Encanto: A Love Letter to Latines Everywhere

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Ximena Mendoza

If you have a younger sibling, are a Disney-lover, or simply have scrolled through Tiktok recently, you might’ve had your ears blessed by one of the songs from the amazing movie Encanto. Many question the reason behind the success of this film and why they cannot stop listening to the soundtrack or rewatching the movie, (myself included). So,  what exactly is it that makes this film so special, or the reason behind the incredible response to this child-friendly movie?

Well, we can definitely contribute the musical success of the film not just to the amazingly talented voice actors, but also to the award-winning Latin composers Germaine Franco and Lin Manuel Miranda, who are both notable names in the industry. Franco is accredited for her work in the steller 2017 movie, COCO, and Miranda has written other extremely successful works like the Hamilton and Moana soundtracks. What makes the music especially significant is that all the tracks feature Latin artists and Latine American styles of music. This movie brings so much more appreciation for the Latin style worldwide, and the incredible love the Encanto soundtrack is currently receiving has led to most of the songs topping the musical charts! The hit song, “We Don’t Talk About Bruno” is currently number one on the Billboard Hot 100, which is an impressive feat for even pop artists to dominate!

Encanto is a remarkable film because its characters and setting are another big step towards more diversity in mainstream children’s media. The representation of Colombian culture that the film depicts shows the beauty of Southern America and places its people in a positive light, as opposed to the rather stereotypical war-ridden and corruption-filled country that fills most American and foreign cinema. The characters themselves reflect the beautiful diversity of Latin America, and shine the spotlight on the less represented Indigenous and Afro-Latino populations. Central America especially is a culmination of different races and ethnicities that all deserve to have their identity as Latinos respected. Some might question why the inclusion is a big factor for the movie’s success. Well, as a Latine myself, I can say it was an exhilarating experience to see characters who finally look, talk, and act like me finally be shown on the big screen. The moment that I, and the other 19.5%  Latinos that make up the US population (according to the 2020 Census), saw this movie, it was an amazing opportunity to feel seen and heal the inner child who did not grow up with characters like Mirabel, Antonio, and Isabela.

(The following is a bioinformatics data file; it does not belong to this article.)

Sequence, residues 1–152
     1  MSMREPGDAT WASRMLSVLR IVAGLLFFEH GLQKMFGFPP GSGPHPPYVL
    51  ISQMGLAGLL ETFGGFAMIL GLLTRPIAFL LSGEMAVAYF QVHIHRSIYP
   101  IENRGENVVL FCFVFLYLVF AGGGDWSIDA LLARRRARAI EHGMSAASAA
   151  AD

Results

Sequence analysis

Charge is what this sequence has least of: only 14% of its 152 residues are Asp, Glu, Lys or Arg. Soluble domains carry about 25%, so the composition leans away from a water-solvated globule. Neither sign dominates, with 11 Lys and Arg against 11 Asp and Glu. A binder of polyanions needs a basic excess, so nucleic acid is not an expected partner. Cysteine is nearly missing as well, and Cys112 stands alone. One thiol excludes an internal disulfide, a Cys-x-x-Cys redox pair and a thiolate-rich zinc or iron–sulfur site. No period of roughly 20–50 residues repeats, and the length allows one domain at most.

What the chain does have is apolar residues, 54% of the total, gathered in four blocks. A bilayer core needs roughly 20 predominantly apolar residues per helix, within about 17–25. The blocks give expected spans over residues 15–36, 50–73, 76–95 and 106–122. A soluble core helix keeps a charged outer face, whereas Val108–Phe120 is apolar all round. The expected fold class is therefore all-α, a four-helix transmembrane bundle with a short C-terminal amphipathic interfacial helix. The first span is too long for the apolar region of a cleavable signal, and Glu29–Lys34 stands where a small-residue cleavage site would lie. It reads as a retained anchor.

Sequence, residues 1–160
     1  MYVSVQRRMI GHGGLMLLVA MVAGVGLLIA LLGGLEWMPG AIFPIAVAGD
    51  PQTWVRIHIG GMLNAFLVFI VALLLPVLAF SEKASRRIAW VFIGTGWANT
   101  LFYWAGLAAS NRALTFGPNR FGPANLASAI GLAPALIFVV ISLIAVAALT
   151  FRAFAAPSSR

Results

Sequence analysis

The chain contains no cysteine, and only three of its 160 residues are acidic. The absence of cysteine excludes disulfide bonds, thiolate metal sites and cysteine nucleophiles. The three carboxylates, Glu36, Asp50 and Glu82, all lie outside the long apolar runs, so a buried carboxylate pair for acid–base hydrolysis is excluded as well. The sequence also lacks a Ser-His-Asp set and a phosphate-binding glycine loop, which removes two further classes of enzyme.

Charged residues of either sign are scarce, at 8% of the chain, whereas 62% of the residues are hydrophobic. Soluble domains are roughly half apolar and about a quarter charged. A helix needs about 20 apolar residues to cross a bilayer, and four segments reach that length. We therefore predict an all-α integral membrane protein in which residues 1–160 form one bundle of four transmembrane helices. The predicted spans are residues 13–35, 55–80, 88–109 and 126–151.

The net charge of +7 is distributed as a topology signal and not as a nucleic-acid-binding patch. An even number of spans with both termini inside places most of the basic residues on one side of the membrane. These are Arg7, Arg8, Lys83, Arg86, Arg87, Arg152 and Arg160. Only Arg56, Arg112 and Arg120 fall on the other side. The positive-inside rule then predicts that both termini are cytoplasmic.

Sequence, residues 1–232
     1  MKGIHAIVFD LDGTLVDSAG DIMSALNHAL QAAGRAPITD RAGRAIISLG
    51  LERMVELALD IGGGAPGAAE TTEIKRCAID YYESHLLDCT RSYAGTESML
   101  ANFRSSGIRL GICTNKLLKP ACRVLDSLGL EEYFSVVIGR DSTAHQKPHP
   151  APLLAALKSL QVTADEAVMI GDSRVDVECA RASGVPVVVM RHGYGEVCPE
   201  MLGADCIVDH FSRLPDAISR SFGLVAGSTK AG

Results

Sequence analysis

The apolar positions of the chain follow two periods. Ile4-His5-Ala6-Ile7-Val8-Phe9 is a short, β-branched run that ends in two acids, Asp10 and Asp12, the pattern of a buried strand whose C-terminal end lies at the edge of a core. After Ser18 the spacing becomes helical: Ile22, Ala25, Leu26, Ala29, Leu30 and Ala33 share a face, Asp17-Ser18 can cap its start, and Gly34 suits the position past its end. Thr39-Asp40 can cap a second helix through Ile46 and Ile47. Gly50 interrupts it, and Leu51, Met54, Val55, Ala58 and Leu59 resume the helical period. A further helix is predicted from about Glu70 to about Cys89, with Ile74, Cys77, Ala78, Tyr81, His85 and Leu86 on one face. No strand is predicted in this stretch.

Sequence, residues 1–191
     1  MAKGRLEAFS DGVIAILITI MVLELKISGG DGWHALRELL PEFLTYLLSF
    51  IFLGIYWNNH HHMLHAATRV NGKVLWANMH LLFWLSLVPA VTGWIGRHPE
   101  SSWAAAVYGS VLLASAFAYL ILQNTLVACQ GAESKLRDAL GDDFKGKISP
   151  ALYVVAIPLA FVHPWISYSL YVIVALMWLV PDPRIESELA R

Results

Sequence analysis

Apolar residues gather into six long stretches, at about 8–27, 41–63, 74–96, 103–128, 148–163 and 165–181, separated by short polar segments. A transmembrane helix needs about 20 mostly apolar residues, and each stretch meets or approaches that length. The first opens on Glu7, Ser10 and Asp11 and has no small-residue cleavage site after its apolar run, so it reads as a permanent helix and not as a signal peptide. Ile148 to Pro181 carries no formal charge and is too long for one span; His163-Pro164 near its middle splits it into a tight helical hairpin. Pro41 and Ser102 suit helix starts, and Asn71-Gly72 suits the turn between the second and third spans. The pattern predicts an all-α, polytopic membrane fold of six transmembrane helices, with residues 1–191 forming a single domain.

As much as the movie also pays homage to the culture, it also contains various messages about modern-day struggles in the Latino community. Many explanations exist to better understand the metaphor this movie is for, but issues like intergenerational trauma and pressures to succeed are addressed and interwoven into the characters, which resonates deeply with those affected and creates an attachment to this film. More emotional songs like “Surface Pressure’ and “Waiting on a Miracle” delve deeper into these complex issues. The song “Dos Orugitas,” according to Lin Manuel Miranda, best encompasses the theme of the movie and touches on topics that are extremely important to bring awareness to, such as the displacement of Indigenous communities in Southern America. 

Encanto is an extremely important movie to watch, as it is not only a comedic and beautifully animated film with great music, but is also a heartfelt message to Latines everywhere that we are seen, heard, and represented. If you can, watch the movie and experience the magic that is Colombian Culture.